Buying my kids' school shoes every August sends me into a spiral of despair. Especially when they are seriously scuffed within 3 days of the start of term. Her mother has …

A Birl for Burns

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Posts have been a bit sparse this week due to being away for two days on a residential with some other folks from a churches and Christian community organisations who are working within a Loyalist context. I have spent the rest of the week catching up, and preparing for the fact that, my significant other has been away in Scotland over the weekend and I am away for 4 days this week on a compulsory "retreat" to Sligo with Methodist colleagues (bringing echoes of the phrase "to hell or Connaught!"). So I haven't had a lot of time to breathe never mind blog.
But today is Burn's Night, and a very special one. Because, as well as being the 500th anniversary of John Calvin's birth, the 200th anniversary of Darwin's birth and the 150th anniversary of the publication of his "Origin of the Species", this is also the 250th anniversary of the birth of the ploughman poet... Quite a year...
Now, like a number of those at the residential this past wee…

Is Change Gonna Come?

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Has there ever been an inauguration like it? Stupid question - answer no! Forgetting all the shattering of the "color-bar" stuff (as if you could) and the palpable sense of hope and expectation invested in him and the event itself, the sheer multi-platform coverage of the whole thing was mind-blowing... My poor little RSS feed couldn't keep up with everyone blogging about it (some more constructively than others)... Even the West Wing (the real one, not the comforting televisual one) has entered the blogosphere immendiately after the inauguration. Also my email inbox was suddenly filled with emails from American friends who seemingly felt that they could emerge out of hiding and re-engage with the world now that their nation had regained a sense of pride in itself and vision for where it should be going. "I found myself singing the words of the National Anthem no longer embarrassed to be known as an American" wrote one... While more than one echoed MLK Jnr in s…

From Blue Monday to Red, White and Blue Tuesday

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Yesterday was a travel agent's dream, indeed it could well have been dreamed up by travel agents in the first place in order to encourage people to book a holiday in the sun), because, we are told that it was statistically proven to be the most depressing day of the year, although we should always remember Mark Twain's dictum casting doubt on the veracity of statistics. "Blue Monday" it was dubbed by copywriters who had clearly lived through the most depressing decade in living memory (ie the 80s) with New Order as the backing track... It prompted a lot of lazy vox-pops on TV and radio news programmes. One particularly inane piece on UTV had a "Life Coach" suggesting that in order to escape the gloom and doom of yesterday (which the accompanying roving mike piece in the centre of Belfast did not support as everyone said they felt fine) we should think about all the good thinigs in our lives... Is there not a little children's chorus about "counting…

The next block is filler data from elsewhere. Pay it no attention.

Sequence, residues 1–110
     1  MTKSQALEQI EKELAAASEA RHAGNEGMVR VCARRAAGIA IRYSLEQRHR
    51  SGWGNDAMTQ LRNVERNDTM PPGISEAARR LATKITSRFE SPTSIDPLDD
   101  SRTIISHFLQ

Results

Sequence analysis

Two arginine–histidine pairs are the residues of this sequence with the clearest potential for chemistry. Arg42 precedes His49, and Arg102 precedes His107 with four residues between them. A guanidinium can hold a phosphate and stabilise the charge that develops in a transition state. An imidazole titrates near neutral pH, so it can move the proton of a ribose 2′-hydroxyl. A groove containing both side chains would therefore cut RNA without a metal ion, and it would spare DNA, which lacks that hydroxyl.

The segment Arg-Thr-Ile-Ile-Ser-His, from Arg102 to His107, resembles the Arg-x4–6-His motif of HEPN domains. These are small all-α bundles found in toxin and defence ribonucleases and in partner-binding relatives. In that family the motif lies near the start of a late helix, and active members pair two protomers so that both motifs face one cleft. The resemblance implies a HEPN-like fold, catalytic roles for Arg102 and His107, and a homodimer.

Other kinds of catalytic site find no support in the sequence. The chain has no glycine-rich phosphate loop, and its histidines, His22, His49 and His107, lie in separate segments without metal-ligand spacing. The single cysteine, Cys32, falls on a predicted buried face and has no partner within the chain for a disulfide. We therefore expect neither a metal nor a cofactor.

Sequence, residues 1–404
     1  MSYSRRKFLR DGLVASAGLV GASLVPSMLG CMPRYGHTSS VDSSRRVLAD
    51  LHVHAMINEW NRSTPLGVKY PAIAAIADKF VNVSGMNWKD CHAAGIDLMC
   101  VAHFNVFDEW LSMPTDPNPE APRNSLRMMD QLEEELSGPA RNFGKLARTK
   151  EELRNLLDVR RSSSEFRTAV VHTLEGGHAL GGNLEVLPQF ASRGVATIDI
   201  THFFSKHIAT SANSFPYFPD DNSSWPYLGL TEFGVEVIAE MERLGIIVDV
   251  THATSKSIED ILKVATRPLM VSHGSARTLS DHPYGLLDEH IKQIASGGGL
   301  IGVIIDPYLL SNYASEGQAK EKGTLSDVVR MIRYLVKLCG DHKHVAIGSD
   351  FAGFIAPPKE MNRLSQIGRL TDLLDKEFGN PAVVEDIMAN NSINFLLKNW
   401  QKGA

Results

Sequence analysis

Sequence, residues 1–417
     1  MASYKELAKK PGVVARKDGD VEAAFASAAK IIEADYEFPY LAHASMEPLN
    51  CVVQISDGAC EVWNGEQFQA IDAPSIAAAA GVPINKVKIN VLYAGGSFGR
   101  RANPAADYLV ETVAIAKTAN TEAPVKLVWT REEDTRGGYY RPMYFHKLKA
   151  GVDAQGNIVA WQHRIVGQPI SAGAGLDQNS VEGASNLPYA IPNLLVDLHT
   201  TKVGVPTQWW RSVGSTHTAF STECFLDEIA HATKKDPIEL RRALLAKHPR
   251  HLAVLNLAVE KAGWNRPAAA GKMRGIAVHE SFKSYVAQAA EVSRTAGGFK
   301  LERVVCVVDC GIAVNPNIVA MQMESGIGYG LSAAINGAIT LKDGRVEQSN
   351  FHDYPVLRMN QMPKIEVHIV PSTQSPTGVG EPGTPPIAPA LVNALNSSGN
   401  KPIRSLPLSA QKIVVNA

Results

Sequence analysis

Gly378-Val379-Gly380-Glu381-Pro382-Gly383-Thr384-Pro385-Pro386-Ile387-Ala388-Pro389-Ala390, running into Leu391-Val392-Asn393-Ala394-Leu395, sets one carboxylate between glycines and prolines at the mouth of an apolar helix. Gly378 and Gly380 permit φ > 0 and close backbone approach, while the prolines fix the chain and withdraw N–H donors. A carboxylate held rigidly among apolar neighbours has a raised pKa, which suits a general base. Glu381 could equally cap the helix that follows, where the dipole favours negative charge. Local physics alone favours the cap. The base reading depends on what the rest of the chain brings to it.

A Northern Irish O'Bama

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I'm writing this before the inauguration speech on Tuesday, which is being anticipated like no other political event in my lifetime... I hope it is not a letdown, and more than that, I hope that it is not mere rhetoric and that what comes of it is not a letdown... although I suppose against the backdrop of the current economic and international mess that the Shrub and his neo-con and big business mates have left, things can only get better... Although didn't someone come into power to that refrain about a decade or so ago!?
I'm sure there will be plenty of comment AFTER Tuesday, but what I'm reflecting on here is not so much the words and (hopefully) the actions that flow from them, but rather the man and the movement for change that he represents... Barack Obama has managed to position himself as the embodiment of a desire for change... Part of this is due to the skils of his team in using new media to court financial support and get out the vote amongst a demographic …

Memories are Made of This

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Just got about as wet as I have ever been with my clothes on yesterday, standing watching Ulster play Harlequins at rugby in the pouring rain and a howling gale. It was so bad that the temporary stand at one end of Ravenhill was evacuated because organisers feared that it might just blow away. But despite the weather (and perhaps because of it) it was one of the best afternoons I have had recently, in what has been a pretty annoying week/month... And although Ulster won (21-10 I think) it had little to do with the score.

No - it was good because it was something that I shared with my son... my eldest son Owain... Indeed, he had arranged it... I had tried to ge tickets earlier in the month but it was sold out, then a few days ago he heard that one of his rugby team-mates had a couple of tickets he couldn't use, and asked if I wanted to buy them... So thanks to him we spent two hours getting wet and freezing cold on a rugby terrace...

But it reminded me how few things we do together t…

Competition for Worst Month of My Life Award

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You just have them sometimes. Weeks, months or even years that you would like to not only eradicate from your memory, but also ceremoniously delete from all the world's diaries and calendars just to make sure that you would never, ever be reminded of them.